whew, we saw the plaque which proclaimed we’d arrived at the glacier, but we really hadn’t and had to hike another half hour.

We finally got to our end point around one thirty. We had expected it to be bigger, and i was also always under the impression that a glacier would be at the top of a mountain. but of course that doesn’t make sense; i’m thinking now of those huge glaciers you see pictures of from Alaska, but i know those look a lot bigger.

People told us that Grinnell Glacier will be gone in ten years; the glacier next to it, Salamander Glacier, used to be part of the Grinnell Glacier.

such an incredible place, but don’t let these people-free photos fool you; there were quite a few people there when we reached it.

Maybe i’ve mentioned it before, but lots of the other hikers carried fancy cameras and were expert at composing shots. usually when we asked somebody to take our photo the person would take a few really nicely-framed ones like this.

the rocks were really interesting.

there at the upper left is a mountain which some hikers had climbed up. as we had been hiking to the top we’d also met a kind of crazy guy going down who had walked out onto the glacier. you’re not supposed to do that, and it seemed foolhardy to me.

here’s a short video of the final part of our hike. it’s hard to understand what i’m saying at one point because it’s so windy, but i’m describing how the people went up the mountain and the guy went out on the glacier.

we hung out at the glacier for a while, but as i mentioned previously, i hadn’t stopped at the pit toilet a half hour back, so we didn’t linger too long.

at a little after two o’clock when we hiked back to that spot we sat on a log and scarfed down our little tins of tuna and crackers, and it tasted so delicious because we were so hungry. quite a few others were sitting around snacking and we sat next to a young couple but were too tired to strike up a conversation. we saw them again two days later, on monday, when we were in Apgar Village. more about that later.

we started back down the mountain a little before three and the descent was pretty easy going. this tree had been so buffeted by the wind.

By a little after four we’d made it almost all the way down and i stopped to take this photo. they’re serious about the bears!

it was so fast going down the mountain, and off in the distance is the boat dock. we met up with a ranger who had been at the glacier who said we’d make it onto one of the boats – if we missed the last one, we’d have had to hike another two miles. it was level ground, but at that point we didn’t want any more miles to hike.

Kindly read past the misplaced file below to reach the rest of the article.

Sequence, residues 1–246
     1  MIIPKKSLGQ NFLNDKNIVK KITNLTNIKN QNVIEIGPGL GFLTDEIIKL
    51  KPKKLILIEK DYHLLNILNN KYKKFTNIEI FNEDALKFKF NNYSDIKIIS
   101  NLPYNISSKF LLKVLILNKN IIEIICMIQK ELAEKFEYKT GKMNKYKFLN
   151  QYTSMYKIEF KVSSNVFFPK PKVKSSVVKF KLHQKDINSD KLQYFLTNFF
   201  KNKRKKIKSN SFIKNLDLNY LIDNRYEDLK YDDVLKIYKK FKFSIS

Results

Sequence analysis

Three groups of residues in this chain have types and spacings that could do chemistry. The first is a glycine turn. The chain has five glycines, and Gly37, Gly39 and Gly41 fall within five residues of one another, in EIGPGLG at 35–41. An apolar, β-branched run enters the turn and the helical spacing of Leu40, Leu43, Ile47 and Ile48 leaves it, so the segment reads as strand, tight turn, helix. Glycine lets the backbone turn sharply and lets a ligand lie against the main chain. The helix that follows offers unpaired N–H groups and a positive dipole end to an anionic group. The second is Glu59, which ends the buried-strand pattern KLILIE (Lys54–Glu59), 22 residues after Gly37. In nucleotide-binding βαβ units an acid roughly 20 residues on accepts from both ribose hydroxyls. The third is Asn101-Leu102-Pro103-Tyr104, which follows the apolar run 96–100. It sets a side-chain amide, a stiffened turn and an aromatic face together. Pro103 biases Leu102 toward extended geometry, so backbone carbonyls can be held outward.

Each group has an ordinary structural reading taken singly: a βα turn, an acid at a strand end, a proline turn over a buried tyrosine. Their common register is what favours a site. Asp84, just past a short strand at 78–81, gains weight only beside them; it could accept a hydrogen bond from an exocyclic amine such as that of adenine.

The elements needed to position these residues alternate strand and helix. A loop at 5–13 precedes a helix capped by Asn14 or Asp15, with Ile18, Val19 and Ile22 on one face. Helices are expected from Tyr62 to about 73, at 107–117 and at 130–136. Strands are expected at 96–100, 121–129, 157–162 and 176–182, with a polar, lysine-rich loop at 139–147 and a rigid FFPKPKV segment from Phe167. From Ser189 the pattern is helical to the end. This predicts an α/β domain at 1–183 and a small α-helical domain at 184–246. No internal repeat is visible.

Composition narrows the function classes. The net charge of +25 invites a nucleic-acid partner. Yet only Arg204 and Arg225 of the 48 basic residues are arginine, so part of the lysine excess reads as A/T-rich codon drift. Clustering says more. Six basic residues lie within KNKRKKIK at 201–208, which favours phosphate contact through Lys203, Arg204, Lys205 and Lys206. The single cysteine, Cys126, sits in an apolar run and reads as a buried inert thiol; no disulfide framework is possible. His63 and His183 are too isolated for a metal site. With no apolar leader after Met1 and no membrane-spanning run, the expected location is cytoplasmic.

a boat was going to leave at 4:15, and the last one would be at 5:15. we decided that if we missed the earlier one we’d be content to wait an hour for the next one.

but when we spotted the boat moored at the dock we started to jog a little bit and by the time we got back to flat land we picked up our pace.

and we made it! nothing like breaking into a sprint after a day of strenuous hiking. The boat was almost full, and i asked the boat captain if they’d waited for us, she said said yes, they’d seen us and had waited. so nice of them!

I bet that if we’d missed the boat we might have convinced ourselves to hike that two miles instead of waiting an hour.

the older couples who had been on the boat in the morning were already on the boat, as well as most of the people we’d seen on the mountain.

we were so happy to be back on the boat. it’s funny that this first hike was the highest and the most challenging.

it was also interesting to talk to the different young women who captained the boats; they all seemed to confident and we so good at maneuvering and docking the boats. one of them expertly did the docking all by herself, easily tossing the big docking rope over a post. their job was almost done for the year; some of them were going back to school, one was headed to europe in a few days. it made me wish i’d been more adventurous when i was that age.

but at least we’re doing a bunch of things now that i never would have thought i could do. i certainly didn’t feel i could climb up a huge mountain to a glacier.

we stopped in at the Many Glacier Hotel and bought an ice cream sandwich to split. In the morning I’d thought we’d want to have dinner in the historic hotel, but we just wanted to get back to our cabin.

when we reached our little place in Babb that evening we managed to find enough food from our snacks to make a meal of and we slept really well that night.

What an extraordinary day of hiking. it’s nice to have that memory, and I sure would like to go back again.

ok then,

G. hiked to a glacier hughes.